Kent hops

Information about hops and the part they played in the history of Kent.

Hops were initially brought to Kent by the Romans, who also introduced cherries and vines to the county. Hop tops, the leaves of the hop plant, were at first eaten as a salad vegetable or cooked in butter in dishes like Hopscotch.

In the 16th century hops started to be used in the brewing of beer. Previous to this the British drank ale, which was made with malt and honey. Beer brewed with hops had first been brought to England by Flemish merchants during the 15th century. This beer was viewed with cynicism at first; London pubs that served it were actually prosecuted. But in due course, the preservative consequence of hops on beer was accepted and beer brewing and hop growing became big business in Kent.

Hop-picking became an annual working holiday for the people of London . Amazingly it culminated in  80,000 Londoners  coming to Kent every autumn to pick hops. This came to a halt just after the Second World War  when machines started to be used as an alternative. The hops also gave Kent its famous Oast Houses. These were vast barns with conical towers that were used to dry the hops and which are now sought-after and high-priced homes.  Beer  superceded traditional ale (brewed with only malt) in popularity after  the introduction of hops. Hops add flavour and aroma to beer, making it clearer and less perishable. Thanks to hops the modern British drink of 'bitter' was created. As Kent was the base of the hop industry, it is not surprising that Britain's oldest surviving brewery is found here.

Shepherd Neame of Faversham, Kent  can trace its history back to 1698, when the Mayor of Faversham, Richard Marsh, founded a brewery. Marsh's brewery grew quickly and was soon the largest  brewery in town. On Marsh's death, the brewery was inherited by his wife and later his daughter. When she died in 1741, it was taken over by Samuel Shepherd. The brewery stayed in his family and over the years they took on several partners, the last of these being Percy Beale Neame, who joined the company in 1864. Percy's great-great grandson, Jonathan Neame, is in charge of the brewery today, and the brewery now owns approximately 370 pubs in the county.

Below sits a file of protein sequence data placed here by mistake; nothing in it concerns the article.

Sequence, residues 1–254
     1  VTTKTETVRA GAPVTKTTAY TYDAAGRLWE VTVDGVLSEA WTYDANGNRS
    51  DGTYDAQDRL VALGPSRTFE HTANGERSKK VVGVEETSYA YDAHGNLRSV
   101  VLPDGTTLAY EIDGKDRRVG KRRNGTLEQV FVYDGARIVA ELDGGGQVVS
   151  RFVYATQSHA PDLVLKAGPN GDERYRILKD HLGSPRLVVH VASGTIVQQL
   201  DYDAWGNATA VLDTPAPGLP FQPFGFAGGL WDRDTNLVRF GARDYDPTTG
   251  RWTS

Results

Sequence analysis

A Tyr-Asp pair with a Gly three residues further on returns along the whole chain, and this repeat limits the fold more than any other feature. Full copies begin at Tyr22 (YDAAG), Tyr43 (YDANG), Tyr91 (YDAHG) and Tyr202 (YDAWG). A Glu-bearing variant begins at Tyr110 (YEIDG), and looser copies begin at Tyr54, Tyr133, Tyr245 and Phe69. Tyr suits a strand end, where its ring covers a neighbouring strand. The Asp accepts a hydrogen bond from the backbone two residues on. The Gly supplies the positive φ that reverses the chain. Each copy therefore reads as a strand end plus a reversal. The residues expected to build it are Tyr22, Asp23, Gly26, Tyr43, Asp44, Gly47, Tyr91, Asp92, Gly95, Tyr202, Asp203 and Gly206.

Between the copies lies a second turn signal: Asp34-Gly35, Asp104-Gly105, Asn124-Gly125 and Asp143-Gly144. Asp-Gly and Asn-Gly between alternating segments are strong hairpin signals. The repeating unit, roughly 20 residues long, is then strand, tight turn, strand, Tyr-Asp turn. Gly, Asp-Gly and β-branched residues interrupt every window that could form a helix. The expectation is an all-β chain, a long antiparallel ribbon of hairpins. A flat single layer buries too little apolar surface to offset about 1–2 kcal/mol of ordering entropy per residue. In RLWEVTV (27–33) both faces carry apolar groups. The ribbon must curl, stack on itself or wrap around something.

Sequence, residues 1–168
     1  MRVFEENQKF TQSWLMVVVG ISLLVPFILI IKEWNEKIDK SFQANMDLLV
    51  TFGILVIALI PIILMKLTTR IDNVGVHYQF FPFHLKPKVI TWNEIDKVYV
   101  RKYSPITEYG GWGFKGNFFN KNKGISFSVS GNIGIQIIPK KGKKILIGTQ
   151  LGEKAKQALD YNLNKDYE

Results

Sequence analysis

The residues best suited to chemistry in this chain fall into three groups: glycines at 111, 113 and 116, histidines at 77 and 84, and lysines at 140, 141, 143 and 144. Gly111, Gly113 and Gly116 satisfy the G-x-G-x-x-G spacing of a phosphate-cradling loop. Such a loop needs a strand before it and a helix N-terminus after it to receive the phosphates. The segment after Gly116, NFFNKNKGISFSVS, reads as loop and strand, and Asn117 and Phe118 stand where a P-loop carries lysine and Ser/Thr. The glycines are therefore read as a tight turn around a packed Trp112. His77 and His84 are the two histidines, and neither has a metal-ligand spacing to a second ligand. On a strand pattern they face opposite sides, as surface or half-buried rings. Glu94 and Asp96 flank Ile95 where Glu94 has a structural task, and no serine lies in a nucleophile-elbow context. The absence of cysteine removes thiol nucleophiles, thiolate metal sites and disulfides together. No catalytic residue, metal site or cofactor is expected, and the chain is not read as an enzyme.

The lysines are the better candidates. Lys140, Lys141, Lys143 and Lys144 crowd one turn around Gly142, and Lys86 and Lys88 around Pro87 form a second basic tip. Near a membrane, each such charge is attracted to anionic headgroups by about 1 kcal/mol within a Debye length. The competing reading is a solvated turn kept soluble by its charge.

Shepherd Neame's most famous beer is Spitfire, which was developed in 1990 to commemorate the Battle of Britain and to raise money for the RAF Benevolent Fund. Tours of the brewery are available and extremely popular.

Sets, drifts, gangs and pokes
The hops grew on bines which used to be trained on poles, but by the twentieth century most of the bines were trained on wires. The poles or wires were arranged in alleys and these would be separated up into 'sets' or 'drifts'. The pickers worked  in gangs and each gang would stick with their own bin or basket in the set which they would be allocated by the farmer.

Bin-men and Tally-men
Each group or gang would have its own bin-man. The bin-man would be responsible for pulling the poles or tearing down the bines, allowing the pickers to  strip the hops from the bines and leaves. The bin-man was also accountable for moving the bin to the next set and loading the hops into the 'poke' after they had been measured by the tallyman. Because of  the physical nature of the work, the bin-men were always male.

Tokens, tally sticks and bushels
The measurer or 'tally-man' would visit the gang during the day to gather the hops. The measurer was responsible as well for calculating the quantity of hops picked by each gang. Tokens or marked tally sticks were then given to the hoppers as a record of the volume of hops, measured in bushels, that each gang had picked.

Key dates
1520: It is thought that the first English hop garden was established near Canterbury

1655: One third of the UK hop crop was produced in Kent

1722: A new beer, porter, was brewed that was a mixture of 3 beers. It used plenty of hops and became very well-liked throughout the UK making the hop industry extremely wealthy

1744: A law was brought in stating all the bags or "pockets" the dried hops were sold in had to be stencilled with the year, place of growth and grower's name

1875: Methods of training and stringing the hop plants using stilts were developed in Kent

1878: Hop farming reached its zenith with 31,000 hectares (77,000 acres) of land in Kent being used to grow the crop

1908: Foreign hops were being sold into the UK. This caused problems for the British growers. After people in Kent protested, the Government brought in a charge on imported hops.

1909: Only 13,000 hectares (32,000 acres) of land were growing hops

Disclaimer: The information in this Tourist Guide has been researched from a variety of sources including books, articles and online information. While every effort has been made to ensure the accuracy of the information the reader should check any specific facts for themselves before making any decisions based upon the said information.

Last Updated: 28 Apr 2015